Yesterday I got a call from Pastor Gary at Rush Creek Bible Church, the church I grew up in and the one I still consider my "home church," though I've been gone for years, it seems. Since tonight is the Men for Missions Steak Fry, they asked me to come and share a short story about what God has been doing in Puerto Rico. I told him sure, I'd be happy to - After all: Public speaking is no longer a big deal for me. (Sidenote: Public speaking is still a big deal for me.)
And so I immediately started to think about what I would share. I get one story, one anecdote from the summer, and I need to make it count. And as I cycled through my memories from my time so far in Puerto Rico, I started to realize that most of my big impressions have to do with my personal growth. I need to get up in front of these guys and share something about the ministry, a story about where I saw God doing big things in the lives of the kids, counselors, others around the ministry.
And the thing is...
I'm struggling to come up with one.
That doesn't mean God didn't do big things. It just means I didn't see a lot of them firsthand. Maybe there's a disconnect somewhere. I know our counselors have some big things they would share, and I wish they could be here to do it. As a program director, especially in my first year, I spent a lot of time planning, putting out fires, preparing the next thing, processing the last thing, recovering, sweating, cleaning, thinking. And that doesn't leave a lot of time to be actively involved in the present. In other words, not a lot of time in direct heart-to-heart perfect-for-a-story-back-home ministry. I spent a lot of time trying to make sure everything was right for others to do that, but not a whole lot doing that myself.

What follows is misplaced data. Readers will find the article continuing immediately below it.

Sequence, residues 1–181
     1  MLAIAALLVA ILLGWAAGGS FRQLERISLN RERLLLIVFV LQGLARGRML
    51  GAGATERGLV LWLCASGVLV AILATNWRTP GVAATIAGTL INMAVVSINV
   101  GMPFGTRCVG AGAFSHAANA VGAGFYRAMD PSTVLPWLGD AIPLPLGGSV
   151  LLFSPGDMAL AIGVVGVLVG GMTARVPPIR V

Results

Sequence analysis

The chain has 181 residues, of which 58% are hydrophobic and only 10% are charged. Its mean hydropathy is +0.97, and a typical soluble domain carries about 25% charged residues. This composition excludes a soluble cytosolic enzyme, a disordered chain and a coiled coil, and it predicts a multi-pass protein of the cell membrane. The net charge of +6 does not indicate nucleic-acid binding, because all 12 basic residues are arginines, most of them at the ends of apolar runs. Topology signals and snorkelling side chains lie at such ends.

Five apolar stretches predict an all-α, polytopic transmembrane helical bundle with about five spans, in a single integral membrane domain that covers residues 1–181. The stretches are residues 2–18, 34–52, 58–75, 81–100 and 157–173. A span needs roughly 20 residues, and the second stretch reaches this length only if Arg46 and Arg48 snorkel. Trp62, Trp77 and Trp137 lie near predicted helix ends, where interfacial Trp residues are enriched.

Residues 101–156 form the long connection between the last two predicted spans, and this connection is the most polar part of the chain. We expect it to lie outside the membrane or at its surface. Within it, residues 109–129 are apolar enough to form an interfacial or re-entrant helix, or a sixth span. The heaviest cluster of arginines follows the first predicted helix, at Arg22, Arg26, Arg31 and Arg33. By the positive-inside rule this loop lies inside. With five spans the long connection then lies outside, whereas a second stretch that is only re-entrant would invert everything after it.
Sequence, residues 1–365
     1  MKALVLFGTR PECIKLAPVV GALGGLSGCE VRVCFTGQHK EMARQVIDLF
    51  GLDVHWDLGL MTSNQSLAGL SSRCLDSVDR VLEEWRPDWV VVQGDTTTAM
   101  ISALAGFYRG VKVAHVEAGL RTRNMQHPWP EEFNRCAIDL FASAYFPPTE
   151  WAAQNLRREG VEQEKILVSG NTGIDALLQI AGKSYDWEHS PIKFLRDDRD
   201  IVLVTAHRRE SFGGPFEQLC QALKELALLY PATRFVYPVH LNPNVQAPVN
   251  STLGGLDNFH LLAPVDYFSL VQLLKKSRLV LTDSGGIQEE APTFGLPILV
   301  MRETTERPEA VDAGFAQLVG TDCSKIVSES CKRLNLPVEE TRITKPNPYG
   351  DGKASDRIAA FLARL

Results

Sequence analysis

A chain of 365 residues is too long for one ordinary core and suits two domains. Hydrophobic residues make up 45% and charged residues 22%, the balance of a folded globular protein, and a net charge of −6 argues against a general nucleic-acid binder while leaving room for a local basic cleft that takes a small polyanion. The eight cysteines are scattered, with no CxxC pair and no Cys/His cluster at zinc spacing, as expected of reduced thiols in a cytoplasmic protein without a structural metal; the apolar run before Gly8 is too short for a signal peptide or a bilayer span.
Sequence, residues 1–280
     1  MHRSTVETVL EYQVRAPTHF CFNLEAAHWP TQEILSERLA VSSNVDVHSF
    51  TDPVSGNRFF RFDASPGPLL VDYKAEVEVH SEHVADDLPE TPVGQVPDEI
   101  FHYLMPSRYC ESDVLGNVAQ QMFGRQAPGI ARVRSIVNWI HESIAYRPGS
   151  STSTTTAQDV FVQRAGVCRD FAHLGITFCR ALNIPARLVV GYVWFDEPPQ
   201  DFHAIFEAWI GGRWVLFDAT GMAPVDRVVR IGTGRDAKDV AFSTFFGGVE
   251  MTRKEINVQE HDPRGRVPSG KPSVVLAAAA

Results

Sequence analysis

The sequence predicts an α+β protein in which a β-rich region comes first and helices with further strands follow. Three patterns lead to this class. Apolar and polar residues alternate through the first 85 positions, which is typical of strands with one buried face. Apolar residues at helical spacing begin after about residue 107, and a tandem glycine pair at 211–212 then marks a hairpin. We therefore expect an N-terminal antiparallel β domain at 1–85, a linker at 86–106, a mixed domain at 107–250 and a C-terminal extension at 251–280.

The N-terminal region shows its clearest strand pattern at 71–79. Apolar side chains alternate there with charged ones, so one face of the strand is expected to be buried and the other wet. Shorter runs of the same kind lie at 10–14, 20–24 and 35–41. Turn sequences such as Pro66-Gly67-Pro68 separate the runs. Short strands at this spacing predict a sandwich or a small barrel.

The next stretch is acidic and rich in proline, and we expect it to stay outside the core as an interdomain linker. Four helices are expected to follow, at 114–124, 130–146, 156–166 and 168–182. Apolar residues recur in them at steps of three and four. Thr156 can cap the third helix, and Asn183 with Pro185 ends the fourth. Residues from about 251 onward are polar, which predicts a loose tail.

To some extent, that is the job of the director - you're supposed to make sure that the goals are met, let others handle the tasks. I would be a terrible micromanager. But I still think that somewhere along the way, I would have gotten a pretty good anecdote to share.
There are anecdotes. There are naughty kids, crazy games - and confusing ones, the kid who puked during Fear Factor, the darnedest things kids said, and other summer camp anomalies. Generally, the stuff that goes wrong makes for better stories. It's low-hanging fruit when it comes to reflection. But it doesn't always make for inspiring stuff for the folks back home.
And so I think, in the 2-3 minutes I get, I won't be sharing just one small touching anecdote, but one big one - that we had a good summer, that kids learned that they need to live fearlessly as followers of Christ, that a few made decisions to turn their lives to Him for the first time, and that they had a lot of fun doing it.
And, of course, that nobody got seriously injured in the process.